Author Topic: 240v Submersible Pump  (Read 3672 times)

Online SamT

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240v Submersible Pump
« on: April 20, 2009, 09:23:40 pm »

Just wondering if the following seems plausible and if anyones got any experience of such a system.

Planning on installing a rainwater collector into a large tank that will be stored in a barn. Want to connect it to the house hold plumbing to supply water to the toilets/bath.
(water supply there used to be a gravity fed system off a small pond on the hill - but is now beyond repair and the pond lies on someone elses land, they;ve landscaped it and filled it with exotic ducks/geese etc - so water is filthy  :yucky:).

Just wondering what sort of submersible pump I need, that would basically sit in the bottom of the tank for years. often not in use (holiday cottage). But would be triggered when a tap is turned on to supply pressured water to the house.

We have a LIFA filter that is not used at the mo, but could be incorporated into the new system.

We are not too bothered about a full on system, as hopefully in the next few years we'll get  on the mains.

Any ideas.



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240v Submersible Pump
« on: April 20, 2009, 09:23:40 pm »
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Offline AndyF

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Re: 240v Submersible Pump
« Reply #1 on: April 20, 2009, 09:43:56 pm »
Submersibles will do fine, yo can get 'em cheap from B&Q about £35, but you may want a "dirty water" type for longer life.

They usually have a "float" switch  on the end of a short cable, but it's easy to chop this and replace with some other switching mechanism. They usuallyhave a small chaber with a ball bearing and micro switch.

They will sit for years without problem.
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Offline Les W

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Re: 240v Submersible Pump
« Reply #2 on: April 20, 2009, 10:24:13 pm »
To trigger the pump when a tap is turned on you will need to pressurise the water system, this will need a pressure vessel (you can't compress the water), a non return valve of some sort and a pressure switch. Perhaps a better system would be to pump to a header tank and gravity feed the taps, etc. You could use a level probe in the header tank to call the pump in when the level dropped, this may be cheaper and simpler.

Any pump that will raise the water to the height required will do the job, whether it is a submersible or perhaps a centrifugal pump outside the tank (perhaps a central heating pump will provide enough lift).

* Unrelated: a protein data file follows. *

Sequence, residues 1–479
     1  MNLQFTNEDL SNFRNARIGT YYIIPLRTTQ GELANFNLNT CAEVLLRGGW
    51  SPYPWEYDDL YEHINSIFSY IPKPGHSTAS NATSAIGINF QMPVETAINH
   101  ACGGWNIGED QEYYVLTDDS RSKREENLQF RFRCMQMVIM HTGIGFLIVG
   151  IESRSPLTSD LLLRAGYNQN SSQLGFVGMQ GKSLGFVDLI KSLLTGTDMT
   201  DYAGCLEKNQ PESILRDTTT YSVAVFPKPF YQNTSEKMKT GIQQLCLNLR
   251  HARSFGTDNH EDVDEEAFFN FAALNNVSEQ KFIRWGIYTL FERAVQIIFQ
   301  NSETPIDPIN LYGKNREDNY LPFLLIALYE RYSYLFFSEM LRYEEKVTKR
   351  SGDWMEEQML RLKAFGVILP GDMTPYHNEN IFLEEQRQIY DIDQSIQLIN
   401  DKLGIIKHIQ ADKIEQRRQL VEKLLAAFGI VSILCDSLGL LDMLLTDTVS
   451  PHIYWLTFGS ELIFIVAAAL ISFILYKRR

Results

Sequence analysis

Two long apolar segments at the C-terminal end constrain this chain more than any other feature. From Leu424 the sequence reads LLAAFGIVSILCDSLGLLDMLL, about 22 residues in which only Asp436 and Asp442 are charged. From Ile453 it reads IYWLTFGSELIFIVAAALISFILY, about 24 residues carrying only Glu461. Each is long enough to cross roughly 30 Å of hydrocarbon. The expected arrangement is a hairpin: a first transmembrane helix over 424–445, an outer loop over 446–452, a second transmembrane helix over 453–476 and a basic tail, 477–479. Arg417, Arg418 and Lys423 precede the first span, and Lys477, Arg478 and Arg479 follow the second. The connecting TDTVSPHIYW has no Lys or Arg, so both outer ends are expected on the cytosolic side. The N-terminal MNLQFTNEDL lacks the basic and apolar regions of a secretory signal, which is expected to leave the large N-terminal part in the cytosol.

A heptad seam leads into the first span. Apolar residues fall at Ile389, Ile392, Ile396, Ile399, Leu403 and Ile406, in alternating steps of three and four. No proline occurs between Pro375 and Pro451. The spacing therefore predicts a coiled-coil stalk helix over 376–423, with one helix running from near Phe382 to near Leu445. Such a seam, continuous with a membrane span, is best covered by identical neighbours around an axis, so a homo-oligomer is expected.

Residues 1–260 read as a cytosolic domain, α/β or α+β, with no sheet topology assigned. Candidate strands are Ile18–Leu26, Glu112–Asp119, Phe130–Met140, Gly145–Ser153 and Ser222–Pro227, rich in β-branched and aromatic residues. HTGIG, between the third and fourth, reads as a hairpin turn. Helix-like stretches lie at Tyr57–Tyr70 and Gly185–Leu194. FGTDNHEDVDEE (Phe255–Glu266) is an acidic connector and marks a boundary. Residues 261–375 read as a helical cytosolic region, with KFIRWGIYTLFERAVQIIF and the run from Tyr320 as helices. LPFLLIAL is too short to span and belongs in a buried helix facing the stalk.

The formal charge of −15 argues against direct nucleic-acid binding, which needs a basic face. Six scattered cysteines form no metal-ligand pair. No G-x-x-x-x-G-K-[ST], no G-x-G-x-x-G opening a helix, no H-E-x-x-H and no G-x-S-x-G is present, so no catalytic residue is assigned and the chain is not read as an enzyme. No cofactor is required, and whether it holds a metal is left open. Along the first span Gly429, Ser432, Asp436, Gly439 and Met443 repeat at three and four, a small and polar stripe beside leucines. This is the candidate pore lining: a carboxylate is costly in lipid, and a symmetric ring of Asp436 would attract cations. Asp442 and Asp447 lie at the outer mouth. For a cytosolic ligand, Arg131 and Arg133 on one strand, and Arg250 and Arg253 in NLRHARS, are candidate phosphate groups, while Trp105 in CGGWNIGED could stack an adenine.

What ever pump you use, the cheaper it is, the less reliable it will be.

Hope this is of help.  :thumbsup:
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Offline graham

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Re: 240v Submersible Pump
« Reply #3 on: April 21, 2009, 08:23:05 am »
Your system sounds a bit complex. If the water is pumped from the barn to a smaller loft tank which gravity feeds it to the toilets etc then all you need is an on switch to replenish the cottage tank from the barn tank every so often.

I am using an old pond pump to supply water from a (now defunct) septic tank for watering the garden, washing the car, hosing down caving kit, etc. It seems perfectly good, it was in the pond for about five years running continuously and was only removed 'cos I had to change the filter system.
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Offline Hughie

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Re: 240v Submersible Pump
« Reply #4 on: April 21, 2009, 10:44:45 pm »
Your system sounds a bit complex. If the water is pumped from the barn to a smaller loft tank which gravity feeds it to the toilets etc then all you need is an on switch to replenish the cottage tank from the barn tank every so often.


Simply done by installing a remote float switch in the loft header tank. Many better quality pumps come with the option of integral float switch, or without for customizing applications.

Try www.pump.co.uk  - they're reasonable on pricing and offer good advice.

For heavy duty farm stuff (lighter weight stuff may be more useful for your application) try www.agripump.com


Online SamT

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Re: 240v Submersible Pump
« Reply #5 on: April 22, 2009, 07:04:06 pm »
all good stuff - cheers guys.

I've been looking at single impeller booster pumps - to boost the pressure from the header tanks already in existance.

Although, has anyone had any experience or used a Negative Head Pump.
It sounds like just the job from what a mate told me today, i.e. can pull water from a floor level tank on demand, i.e. when a tap is turned on.

 

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